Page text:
This is just a random thought I had today while programming. Pure opinion and I'm just looking for some feedback. Call it Friday Drivel, but with meaning.
I think that rather than 'void' return types objects should return an instance of themselves. Mind you, if it is already returning a non-void type then that is fine. Since using jquery quite a bit I have fallen in love with chaining. Most Java objects don't allow chaining at all. At least not in the core API. For example:
I'd rather do this:
Obviously I could (and did) write my own class to accomplish this. I guess the real question is what does 'void' gain us? Is there anytime when 'void' is the only logical return type? [ August 22, 2008: Message edited by: Gregg Bolinger ]
I have a problem with void methods too but for a different reason. I prefer to write code with as few visible side effects as possible, and a void return type is the antithesis of that goal.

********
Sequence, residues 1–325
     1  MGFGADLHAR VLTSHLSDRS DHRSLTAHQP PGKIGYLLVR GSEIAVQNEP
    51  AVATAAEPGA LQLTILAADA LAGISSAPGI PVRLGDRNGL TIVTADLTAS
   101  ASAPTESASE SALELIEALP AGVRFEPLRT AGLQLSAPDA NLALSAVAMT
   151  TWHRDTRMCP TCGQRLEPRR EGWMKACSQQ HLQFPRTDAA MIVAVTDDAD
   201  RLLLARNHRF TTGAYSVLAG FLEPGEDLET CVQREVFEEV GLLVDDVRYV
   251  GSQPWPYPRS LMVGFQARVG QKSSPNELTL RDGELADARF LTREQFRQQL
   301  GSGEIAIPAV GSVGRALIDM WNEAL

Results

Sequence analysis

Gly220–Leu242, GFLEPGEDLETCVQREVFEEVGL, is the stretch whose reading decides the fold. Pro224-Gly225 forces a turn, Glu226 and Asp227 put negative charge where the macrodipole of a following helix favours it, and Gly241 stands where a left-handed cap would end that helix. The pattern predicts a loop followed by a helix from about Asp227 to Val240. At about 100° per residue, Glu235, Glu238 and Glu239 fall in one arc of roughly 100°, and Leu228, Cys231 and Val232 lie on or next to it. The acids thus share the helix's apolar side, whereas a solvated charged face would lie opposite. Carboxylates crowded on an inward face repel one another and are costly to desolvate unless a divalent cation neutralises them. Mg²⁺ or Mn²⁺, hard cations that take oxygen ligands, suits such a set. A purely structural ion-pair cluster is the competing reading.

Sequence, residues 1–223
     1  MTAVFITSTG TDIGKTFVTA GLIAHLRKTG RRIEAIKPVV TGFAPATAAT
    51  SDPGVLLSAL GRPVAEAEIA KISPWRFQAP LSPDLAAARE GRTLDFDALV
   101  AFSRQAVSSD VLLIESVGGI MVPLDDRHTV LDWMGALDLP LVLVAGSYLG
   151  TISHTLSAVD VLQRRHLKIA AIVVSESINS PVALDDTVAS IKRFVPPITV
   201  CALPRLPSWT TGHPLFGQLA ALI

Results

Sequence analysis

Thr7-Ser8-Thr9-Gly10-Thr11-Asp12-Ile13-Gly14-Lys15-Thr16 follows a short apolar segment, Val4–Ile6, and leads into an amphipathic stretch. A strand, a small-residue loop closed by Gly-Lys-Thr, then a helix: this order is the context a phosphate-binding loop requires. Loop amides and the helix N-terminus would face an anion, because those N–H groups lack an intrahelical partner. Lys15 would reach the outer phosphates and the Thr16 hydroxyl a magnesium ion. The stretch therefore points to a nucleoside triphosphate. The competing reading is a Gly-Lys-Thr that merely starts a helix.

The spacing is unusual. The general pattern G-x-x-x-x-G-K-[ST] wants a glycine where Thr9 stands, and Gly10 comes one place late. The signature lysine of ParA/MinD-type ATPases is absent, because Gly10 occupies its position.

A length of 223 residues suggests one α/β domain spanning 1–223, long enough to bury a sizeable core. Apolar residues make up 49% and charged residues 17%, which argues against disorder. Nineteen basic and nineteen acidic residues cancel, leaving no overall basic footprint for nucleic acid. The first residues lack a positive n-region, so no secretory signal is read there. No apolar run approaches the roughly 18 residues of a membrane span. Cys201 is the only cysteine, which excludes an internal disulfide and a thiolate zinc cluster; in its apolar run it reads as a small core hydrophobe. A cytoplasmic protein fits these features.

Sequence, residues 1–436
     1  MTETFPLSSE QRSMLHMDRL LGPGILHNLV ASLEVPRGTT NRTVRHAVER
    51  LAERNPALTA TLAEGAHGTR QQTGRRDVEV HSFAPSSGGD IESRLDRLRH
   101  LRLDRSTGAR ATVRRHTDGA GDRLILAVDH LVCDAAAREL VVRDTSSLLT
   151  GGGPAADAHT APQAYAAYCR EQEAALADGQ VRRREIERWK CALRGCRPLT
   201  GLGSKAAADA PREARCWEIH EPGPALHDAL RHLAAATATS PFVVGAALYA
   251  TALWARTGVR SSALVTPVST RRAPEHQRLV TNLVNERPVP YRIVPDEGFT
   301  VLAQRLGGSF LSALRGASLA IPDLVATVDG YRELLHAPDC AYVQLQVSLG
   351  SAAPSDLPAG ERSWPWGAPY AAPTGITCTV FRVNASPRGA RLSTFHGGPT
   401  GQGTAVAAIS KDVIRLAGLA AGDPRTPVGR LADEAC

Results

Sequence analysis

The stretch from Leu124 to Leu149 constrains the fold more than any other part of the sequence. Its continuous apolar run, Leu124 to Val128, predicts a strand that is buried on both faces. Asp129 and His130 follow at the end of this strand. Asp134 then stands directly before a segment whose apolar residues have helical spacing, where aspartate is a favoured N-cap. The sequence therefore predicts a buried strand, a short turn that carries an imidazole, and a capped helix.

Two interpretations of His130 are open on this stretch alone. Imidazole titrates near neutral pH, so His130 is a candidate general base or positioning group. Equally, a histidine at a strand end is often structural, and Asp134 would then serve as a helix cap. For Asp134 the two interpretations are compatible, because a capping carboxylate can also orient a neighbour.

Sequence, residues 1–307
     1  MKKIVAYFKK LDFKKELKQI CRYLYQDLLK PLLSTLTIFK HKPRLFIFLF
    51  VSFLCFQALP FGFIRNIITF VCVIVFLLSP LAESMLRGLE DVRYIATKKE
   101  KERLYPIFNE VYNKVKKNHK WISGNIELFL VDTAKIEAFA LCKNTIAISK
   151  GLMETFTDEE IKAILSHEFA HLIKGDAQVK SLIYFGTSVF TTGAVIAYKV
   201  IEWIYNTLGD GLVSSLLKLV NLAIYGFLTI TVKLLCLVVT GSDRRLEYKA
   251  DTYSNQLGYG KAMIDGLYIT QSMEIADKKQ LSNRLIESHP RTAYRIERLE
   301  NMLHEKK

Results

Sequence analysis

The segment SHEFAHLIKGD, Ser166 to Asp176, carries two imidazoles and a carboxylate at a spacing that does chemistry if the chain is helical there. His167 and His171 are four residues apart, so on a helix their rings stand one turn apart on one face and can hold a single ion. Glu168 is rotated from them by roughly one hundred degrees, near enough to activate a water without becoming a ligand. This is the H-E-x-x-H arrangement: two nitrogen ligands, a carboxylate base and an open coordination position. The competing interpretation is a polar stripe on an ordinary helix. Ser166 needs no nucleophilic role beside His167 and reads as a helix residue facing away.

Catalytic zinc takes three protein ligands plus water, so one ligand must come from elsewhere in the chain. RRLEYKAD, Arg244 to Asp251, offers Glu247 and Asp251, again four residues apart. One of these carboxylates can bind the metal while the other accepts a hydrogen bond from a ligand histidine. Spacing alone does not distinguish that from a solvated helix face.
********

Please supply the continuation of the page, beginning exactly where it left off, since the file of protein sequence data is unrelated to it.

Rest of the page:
I do agree that classes like StringBuilder/Buffer and Scanner which return themselves with every method invocation, are nice to code to. I still cringe a little when I use them because they are still at their core heavily dependent on side effect to do their job.
Some problems are so complex that you have to be highly intelligent and well informed just to be undecided about them. - Laurence J. Peter
Originally posted by Gregg Bolinger: Is there anytime when 'void' is the only logical return type?
To play Devil's Advocate I have tried to come up with a reason. I have yet to think of one, but I will keep trying :-)
Originally posted by Garrett Rowe: I have a problem with void methods too but for a different reason. I prefer to write code with as few visible side effects as possible, and a void return type is the antithesis of that goal.
I am not sure exactly what you mean. Can you define what side effects you are talking about?
Originally posted by Garrett Rowe: I do agree that classes like StringBuilder/Buffer and Scanner which return themselves with every method invocation, are nice to code to. I still cringe a little when I use them because they are still at their core heavily dependent on side effect to do their job.
But if the 'side effects' are what we depend on to do the job, aren't the 'side effects' the 'effects (goals)' not 'side effects'? Or am I missing something?